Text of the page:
With all the other news going on lately, many people are not aware that there are now four plans being pushed to replace the Space Shuttle Program. There are of course Constellation, which was first proposed by President Bush seven years ago, and Obama’s plan proposed April 15th of this year that killed Constellation and replaced it with nothing and effectively killing America’s Human Space Flight Program completely.
But Congress has now joined the fray by putting forth two plans, one from the House and one from the Senate. I thought I would try to do a comparison of all four plans so you can decide which one you think fits best for these United States of America. I have left the budget numbers out because I want you to see the overall picture/goals of each plan as it concerns Human Space Flight. I have included a file at the end that has all the budget numbers if you want to see them that was done by the Space Foundation.
First, I have to do a few definitions for you.
Near Earth-Low Earth orbit (LEO) out to geo-synchronous orbit (customarily 22,500 miles above the Earth).
Cis-lunar-Region of space from the geo-synchronous orbit of the Earth out to and including the region around the surface of the Moon.
Deep Space-Region of space beyond cis-lunar.
ISS – International Space Station
A Heavy Lift Launch Vehicle, or HLLV, is a launch vehicle capable of lifting more mass into Low Earth Orbit (LEO) than Medium Lift Launch Vehicles. While there is no universally accepted capability requirement, current and past rockets like the Saturn V,Titan IV, Ariane 5, Proton, and Delta IV-Heavy are generally considered “Heavy Lift” launch vehicles.
So what does that mean in layman’s terms? Imagine you are standing in a room with a ceiling 10 feet above you. On a table before you are two balls, a baseball and a bowling ball. You are the launch vehicle and the balls are the payloads. You know you can pick up the baseball and throw it and hit the ceiling with ease. That is your “medium” payload. Now try to pick up your “heavy” payload, the bowling ball, and throw it straight up and hit the ceiling. Can’t do it can you? That’s because you and most of us are not capable of “launching” such a heavy payload. You would have to find someone that is much stronger and can do the “heavy lifting” to get that bowling ball to hit the ceiling.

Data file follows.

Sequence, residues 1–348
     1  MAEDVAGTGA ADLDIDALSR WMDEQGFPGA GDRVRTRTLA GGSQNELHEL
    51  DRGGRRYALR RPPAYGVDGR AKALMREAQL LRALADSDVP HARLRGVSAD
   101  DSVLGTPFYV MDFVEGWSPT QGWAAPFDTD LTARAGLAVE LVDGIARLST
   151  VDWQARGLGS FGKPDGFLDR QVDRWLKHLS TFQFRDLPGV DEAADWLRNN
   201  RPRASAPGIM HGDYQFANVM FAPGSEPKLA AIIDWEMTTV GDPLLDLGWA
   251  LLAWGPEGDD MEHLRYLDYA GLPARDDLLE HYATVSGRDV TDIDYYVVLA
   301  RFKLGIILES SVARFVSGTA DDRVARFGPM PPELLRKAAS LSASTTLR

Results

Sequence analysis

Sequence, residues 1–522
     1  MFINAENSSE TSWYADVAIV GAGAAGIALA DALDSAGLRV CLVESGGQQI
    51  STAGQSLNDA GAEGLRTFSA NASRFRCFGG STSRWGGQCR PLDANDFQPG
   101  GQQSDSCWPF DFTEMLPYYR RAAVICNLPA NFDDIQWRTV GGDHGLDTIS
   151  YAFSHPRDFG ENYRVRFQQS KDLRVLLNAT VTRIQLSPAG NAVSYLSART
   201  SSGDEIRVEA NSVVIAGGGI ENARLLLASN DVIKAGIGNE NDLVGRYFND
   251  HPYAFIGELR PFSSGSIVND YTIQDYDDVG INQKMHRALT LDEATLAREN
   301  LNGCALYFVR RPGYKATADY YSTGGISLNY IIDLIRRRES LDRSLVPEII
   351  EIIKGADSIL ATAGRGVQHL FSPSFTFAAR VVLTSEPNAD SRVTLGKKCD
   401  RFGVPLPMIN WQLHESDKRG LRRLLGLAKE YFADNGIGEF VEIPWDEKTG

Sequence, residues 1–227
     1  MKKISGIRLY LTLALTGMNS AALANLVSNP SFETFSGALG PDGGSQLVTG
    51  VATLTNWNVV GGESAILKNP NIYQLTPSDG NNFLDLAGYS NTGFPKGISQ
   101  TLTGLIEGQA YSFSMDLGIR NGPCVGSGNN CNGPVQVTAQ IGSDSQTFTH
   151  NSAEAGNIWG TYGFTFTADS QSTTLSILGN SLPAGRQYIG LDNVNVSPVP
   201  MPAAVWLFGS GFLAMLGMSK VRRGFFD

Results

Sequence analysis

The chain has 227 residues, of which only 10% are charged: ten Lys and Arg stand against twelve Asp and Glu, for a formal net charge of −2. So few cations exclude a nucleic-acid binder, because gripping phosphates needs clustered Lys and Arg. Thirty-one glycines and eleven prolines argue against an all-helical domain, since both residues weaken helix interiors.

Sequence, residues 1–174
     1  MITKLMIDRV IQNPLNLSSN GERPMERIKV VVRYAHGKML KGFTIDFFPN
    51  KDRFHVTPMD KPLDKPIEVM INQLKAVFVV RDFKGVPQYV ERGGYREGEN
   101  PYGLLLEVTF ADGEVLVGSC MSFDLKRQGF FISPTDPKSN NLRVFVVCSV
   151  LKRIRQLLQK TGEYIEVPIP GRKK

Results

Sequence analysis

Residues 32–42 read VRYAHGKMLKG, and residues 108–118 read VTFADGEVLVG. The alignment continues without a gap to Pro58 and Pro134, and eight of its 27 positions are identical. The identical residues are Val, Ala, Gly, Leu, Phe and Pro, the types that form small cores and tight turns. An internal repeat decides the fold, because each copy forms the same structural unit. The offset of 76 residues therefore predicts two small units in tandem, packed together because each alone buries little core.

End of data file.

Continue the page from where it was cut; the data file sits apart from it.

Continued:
Current USA Heavy Lift Vehicles Tonnage to LEO
Space Shuttle 115.5 tons
Atlas V 32.36 tons
Delta IV 25.25 tons
Falcon 9 (Space X) 35.2 tons (note: SpaceX says 35.2 tons is it’s capability of the their rocket, but actual launch performance which is listed at the bottom of their page is 23,050 lbs or only 11.5 tons!)
Past USA Heavy Lift Vehicles Tonnage to LEO
Saturn V Moon Rocket 129.8 tons
Heavy Lift rocket required by: Tonnage
Ares I (Crewed vehicle) 28.16 tons and with one successful test launch (Ares I-X October 2009)
Ares V 206.8 tons and several years of design work put into it.
Heavy lift in Obama’s Plan Unspecified and un-designed
Heavy Lift in Senate Plan 70-100 tons initially (eventually evolving to 150 tons) and un-designed
Heavy lift in House Plan Unspecified and un-designed